Dirt, germs, exercise, sunshine and fresh air: Outdoors is an adventure for kids that leads to a lifetime of good health

If you think that keeping children locked up inside the home is enough to help them avoid facing deadly diseases or suffering from life-long conditions, think again. There may be some truth to the concept that keeping little ones locked inside can be helpful, but the consensus among a growing number of researchers is that it would be even more helpful to let them simply play outside.

The primary reason for that is that by playing outside, they would be exposing themselves to more than just sunshine and fresh air: Outside is where they will run into all kinds of dirt, with large amounts of germs and bacteria. Both of which are necessary to the improvement of their health.

While that may seem like a sort of twisted joke that will never make sense no matter how you look at it, some experts are claiming that it’s the absolute truth. Your body, whether you like it or not, is filled with millions upon millions of independent and co-dependent microorganisms. Many of these are germs and bacteria, which have taken up residence inside your body and have set up their own little ecosystem, called a microbiome. A little bit of one kind and less of another will result in possibly catastrophic changes to your health. And all of this is doubly true for children.

Get moving! There is no excuse not to exercise because there literally is something for everyone. Not everybody loves pounding the treadmill or pumping iron in the gym but anything that gets your heart rate up is a good cardiovascular activity. How about playing tennis, meeting a friend for a swimming session or taking up self-defense or a martial art? If you can't think of anything better, run up and down the stairs a few times. Feeling better now? Exercise releases endorphins, which cheer you up.

According to a new study conducted by researchers who were working with two children’s hospitals in Pennsylvania and Ohio, the act of cultivating healthy gut bacteria in newborn mice led to the strengthening of their ability to fight off pneumonia. And they have concluded that the exact same can be and is true for humans. And that’s not something that’s hard to believe. After all, experts have long known that a baby’s microbiome plays a huge role in that baby’s health and immunity, from a young age all the way to adulthood.

So all of those bacteria, fungi, and viruses that are living inside you can indeed be helpful. And that’s why it’s important to do your best to cultivate them while you’re still young. That’s basically what the researchers are pushing for, but for children.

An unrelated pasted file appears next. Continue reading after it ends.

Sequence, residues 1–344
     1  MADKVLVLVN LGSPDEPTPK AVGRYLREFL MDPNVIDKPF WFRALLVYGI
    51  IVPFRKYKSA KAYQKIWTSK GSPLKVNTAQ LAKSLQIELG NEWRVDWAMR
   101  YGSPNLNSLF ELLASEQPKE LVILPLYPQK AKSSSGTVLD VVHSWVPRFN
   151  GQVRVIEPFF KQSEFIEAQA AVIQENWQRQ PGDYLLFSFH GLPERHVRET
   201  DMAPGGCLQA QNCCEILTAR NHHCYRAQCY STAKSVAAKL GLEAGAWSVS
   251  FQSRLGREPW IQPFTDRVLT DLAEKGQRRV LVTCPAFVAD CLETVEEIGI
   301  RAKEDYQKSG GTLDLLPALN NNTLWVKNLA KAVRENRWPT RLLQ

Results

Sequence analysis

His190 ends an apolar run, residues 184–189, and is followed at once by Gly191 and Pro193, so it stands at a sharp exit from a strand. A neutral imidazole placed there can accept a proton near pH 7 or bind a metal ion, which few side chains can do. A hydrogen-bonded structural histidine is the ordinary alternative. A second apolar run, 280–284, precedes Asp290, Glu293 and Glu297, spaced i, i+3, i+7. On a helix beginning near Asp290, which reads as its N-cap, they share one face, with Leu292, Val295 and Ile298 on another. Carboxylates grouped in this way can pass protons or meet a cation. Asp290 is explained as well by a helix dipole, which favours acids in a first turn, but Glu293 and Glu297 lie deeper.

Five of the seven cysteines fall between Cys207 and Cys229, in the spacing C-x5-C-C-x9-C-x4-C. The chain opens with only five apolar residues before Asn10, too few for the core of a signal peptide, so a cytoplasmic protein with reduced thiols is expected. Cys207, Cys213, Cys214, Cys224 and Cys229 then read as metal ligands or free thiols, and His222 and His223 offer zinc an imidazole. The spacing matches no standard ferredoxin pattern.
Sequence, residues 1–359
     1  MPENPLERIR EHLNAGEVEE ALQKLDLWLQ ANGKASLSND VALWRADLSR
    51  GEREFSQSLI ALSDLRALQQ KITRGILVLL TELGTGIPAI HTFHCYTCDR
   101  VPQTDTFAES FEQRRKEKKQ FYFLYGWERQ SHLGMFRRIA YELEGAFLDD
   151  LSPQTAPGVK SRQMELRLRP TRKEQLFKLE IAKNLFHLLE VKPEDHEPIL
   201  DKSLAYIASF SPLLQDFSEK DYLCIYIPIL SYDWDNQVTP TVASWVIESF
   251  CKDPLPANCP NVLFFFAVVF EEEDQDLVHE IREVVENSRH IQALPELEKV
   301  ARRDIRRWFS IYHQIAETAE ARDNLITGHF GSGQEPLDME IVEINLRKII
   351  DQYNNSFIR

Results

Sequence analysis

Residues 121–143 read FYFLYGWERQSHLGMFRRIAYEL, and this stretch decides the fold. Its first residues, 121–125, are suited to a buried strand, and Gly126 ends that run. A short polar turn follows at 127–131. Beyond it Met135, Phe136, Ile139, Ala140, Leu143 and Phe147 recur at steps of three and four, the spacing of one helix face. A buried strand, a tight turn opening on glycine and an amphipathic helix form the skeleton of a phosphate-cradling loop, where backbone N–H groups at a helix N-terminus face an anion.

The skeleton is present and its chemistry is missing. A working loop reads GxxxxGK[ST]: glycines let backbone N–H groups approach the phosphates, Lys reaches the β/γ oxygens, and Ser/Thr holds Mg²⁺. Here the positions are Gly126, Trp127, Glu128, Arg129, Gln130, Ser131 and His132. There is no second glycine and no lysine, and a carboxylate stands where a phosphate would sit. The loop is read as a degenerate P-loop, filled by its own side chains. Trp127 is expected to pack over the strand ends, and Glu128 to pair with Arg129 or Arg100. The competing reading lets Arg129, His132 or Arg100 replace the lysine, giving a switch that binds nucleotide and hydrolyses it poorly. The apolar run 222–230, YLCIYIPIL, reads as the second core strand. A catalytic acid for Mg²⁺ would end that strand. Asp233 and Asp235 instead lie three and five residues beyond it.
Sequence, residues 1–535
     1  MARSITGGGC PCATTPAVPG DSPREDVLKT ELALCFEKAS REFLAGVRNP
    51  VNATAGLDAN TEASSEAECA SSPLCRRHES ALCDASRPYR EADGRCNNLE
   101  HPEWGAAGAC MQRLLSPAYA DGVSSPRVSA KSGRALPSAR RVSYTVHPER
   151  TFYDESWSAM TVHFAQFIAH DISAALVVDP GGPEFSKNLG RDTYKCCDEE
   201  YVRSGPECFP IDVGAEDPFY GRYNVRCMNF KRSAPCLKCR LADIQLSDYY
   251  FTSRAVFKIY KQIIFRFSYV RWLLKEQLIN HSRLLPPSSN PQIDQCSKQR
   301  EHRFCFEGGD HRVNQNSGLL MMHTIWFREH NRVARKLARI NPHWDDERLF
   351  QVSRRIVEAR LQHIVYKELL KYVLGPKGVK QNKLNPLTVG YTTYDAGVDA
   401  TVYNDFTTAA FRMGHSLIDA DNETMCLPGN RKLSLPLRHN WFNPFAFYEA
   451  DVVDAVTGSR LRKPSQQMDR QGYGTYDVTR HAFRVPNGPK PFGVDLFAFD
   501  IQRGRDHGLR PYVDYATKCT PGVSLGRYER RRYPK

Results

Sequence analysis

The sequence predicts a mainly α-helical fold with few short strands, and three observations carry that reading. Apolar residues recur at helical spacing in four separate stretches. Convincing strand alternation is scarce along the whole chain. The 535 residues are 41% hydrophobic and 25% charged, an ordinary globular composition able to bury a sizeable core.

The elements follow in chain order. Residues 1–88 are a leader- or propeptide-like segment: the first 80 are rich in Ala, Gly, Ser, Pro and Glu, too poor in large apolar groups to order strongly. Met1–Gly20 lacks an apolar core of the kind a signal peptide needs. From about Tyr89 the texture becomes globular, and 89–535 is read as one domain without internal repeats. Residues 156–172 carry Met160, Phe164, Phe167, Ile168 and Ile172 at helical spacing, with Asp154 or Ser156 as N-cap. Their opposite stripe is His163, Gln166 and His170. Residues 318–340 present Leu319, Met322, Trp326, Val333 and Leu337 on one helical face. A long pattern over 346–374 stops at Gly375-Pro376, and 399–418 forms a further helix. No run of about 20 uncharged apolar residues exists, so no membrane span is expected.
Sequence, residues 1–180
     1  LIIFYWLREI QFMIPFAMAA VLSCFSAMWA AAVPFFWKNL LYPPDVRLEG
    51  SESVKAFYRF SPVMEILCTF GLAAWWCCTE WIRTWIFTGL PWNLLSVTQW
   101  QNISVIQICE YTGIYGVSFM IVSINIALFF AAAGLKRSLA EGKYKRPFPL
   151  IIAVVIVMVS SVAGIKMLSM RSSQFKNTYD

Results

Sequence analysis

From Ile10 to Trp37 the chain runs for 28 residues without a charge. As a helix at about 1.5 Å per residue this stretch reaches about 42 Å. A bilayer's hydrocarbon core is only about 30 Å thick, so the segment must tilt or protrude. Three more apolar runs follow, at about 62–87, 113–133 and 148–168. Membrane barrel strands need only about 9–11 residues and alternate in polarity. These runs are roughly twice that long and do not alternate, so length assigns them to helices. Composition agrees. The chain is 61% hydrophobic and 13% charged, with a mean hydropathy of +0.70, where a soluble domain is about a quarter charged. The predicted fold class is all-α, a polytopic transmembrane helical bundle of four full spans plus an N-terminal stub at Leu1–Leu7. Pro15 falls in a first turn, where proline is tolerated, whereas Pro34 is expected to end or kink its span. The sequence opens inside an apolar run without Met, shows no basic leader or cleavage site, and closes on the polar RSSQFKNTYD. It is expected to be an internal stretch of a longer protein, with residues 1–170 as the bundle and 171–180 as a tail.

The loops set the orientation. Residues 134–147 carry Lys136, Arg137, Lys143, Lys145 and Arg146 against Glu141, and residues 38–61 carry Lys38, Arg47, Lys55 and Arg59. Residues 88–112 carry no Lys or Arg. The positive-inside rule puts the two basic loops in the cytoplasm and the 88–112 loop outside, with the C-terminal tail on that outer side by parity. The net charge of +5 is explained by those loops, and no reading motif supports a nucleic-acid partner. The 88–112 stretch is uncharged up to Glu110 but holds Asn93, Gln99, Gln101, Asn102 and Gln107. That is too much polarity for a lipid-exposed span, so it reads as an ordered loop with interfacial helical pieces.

You see, the process of improving a child’s microbiome begins immediately after birth. While inside the womb, a baby has virtually no microbes yet. But as soon as they leave the womb and get born, they become exposed to different kinds of microbes. Many of these will end up training the baby and its immune system and eventually help it avoid infections and diseases later in life.

The idea is that a more healthy microbiome can only be possible with ample exposure time to bacteria and germs. Children who are not allowed to grow their internal microbiome tend to suffer from a whole host of diseases and conditions, such as diarrhea, obesity, anxiety, and even allergies. These are just some of the things that tend to affect babies and young children.

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Fortunately, there’s a relatively easy fix: Simply by letting children play outside, they will be able to enjoy greatly improved immune health . Not to mention, spending time outside and surrounded by friends or other people who know them will help in reducing stress levels in children, which then leads to intestinal bacteria flourishing.

The researchers have also noted in their study that apart from playing outside and being exposed through germs and bacteria through dirt, it can also be helpful to get a puppy, which will be the main source of bacteria and germs both inside and outside the home. Though invisible, microbes may just be the most important element of a child’s health from a young age to adulthood.

Sources include:

LifeZette.com

Independent.co.uk